This is the position of the Foreign and Commonwealth Office’s Europe Minister, David Lidington, as well as Sir David Edward, a former European Court judge who is a member of the First Minster’s special panel. He warned a Holyrood committee and also told the BBC that obtaining Scottish membership would be impossible to negotiate while the UK leaves the EU during the two year period following the invocation of Article 50 to start the real process of Brexit and raised concerns about “complications” such as customs duties on goods and services going between Scotland and the rest of the UK, as well as the real possibility that an independent Scotland may have to start life outside the EU.
Nevertheless, Smith, Sturgeon, and others in the SNP can be counted on to keep pressing forward with whatever morsel of an argument they can find, because what they are really after is a second referendum to break up the UK. An affirmative result in their favor is made easier by getting assurances that Scotland will have a smooth transition to independent EU membership, and this is made easier by convincing the powers that be on the Continent to view EU referendum results as those of four separate countries voting separately, rather than as one country voting as one. Hence, Smith’s assertion that the “UK is not a country.”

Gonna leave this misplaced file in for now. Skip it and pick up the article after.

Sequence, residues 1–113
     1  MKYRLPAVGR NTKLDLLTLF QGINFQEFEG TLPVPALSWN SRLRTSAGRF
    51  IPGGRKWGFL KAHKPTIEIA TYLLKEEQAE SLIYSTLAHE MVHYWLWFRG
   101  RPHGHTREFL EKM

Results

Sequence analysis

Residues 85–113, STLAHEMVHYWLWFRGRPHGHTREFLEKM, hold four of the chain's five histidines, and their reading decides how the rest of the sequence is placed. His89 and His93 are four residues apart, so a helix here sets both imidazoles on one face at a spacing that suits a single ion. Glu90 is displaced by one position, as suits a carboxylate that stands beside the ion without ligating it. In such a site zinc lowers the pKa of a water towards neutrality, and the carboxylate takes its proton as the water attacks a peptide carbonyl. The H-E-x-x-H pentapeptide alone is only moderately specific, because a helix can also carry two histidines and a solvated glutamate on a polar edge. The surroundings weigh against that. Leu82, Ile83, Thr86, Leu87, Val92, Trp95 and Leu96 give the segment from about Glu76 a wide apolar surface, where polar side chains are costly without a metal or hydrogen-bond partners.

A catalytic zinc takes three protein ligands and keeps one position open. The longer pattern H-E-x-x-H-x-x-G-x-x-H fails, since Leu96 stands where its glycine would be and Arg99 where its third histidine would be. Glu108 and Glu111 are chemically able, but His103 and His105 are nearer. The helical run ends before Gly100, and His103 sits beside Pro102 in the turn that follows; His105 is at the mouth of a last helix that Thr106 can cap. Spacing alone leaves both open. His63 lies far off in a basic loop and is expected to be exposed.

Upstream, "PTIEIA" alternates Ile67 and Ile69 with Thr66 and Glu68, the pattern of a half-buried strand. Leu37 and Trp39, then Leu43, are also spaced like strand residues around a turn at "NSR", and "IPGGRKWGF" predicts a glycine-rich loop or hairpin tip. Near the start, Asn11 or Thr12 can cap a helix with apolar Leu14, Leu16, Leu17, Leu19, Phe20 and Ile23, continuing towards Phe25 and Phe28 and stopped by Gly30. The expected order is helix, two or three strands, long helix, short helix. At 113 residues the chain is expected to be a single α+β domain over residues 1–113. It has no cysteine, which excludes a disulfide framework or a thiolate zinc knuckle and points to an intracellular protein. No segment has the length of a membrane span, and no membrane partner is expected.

This claim is one of the things which has been a source of irritation during the independence referendum and since. The purpose is to delegitimize the United Kingdom as a country – as something with a heart and soul – and instead characterize it as just a state – as a made-up construct with no soul or value beyond that of a few monetary exchanges. It’s about making people feel no sense of purpose or belonging within the UK, and with the hope that they will see it as something with little or no meaning to them to the point that they will be willing to break it up.
The reality is that the United Kingdom is a country, with all of the attributes of a country; it has its own head of state, parliament, citizenship, armed forces, passport, currency, anthem, flag, internationally-recognized borders, membership of international institutions, and international presence via a global network of embassies.
However, aside from these legal and bare essentials for being a country, there’s much more to the United Kingdom; the listed attributes are merely the bones which hold up the meat of what makes the UK a country.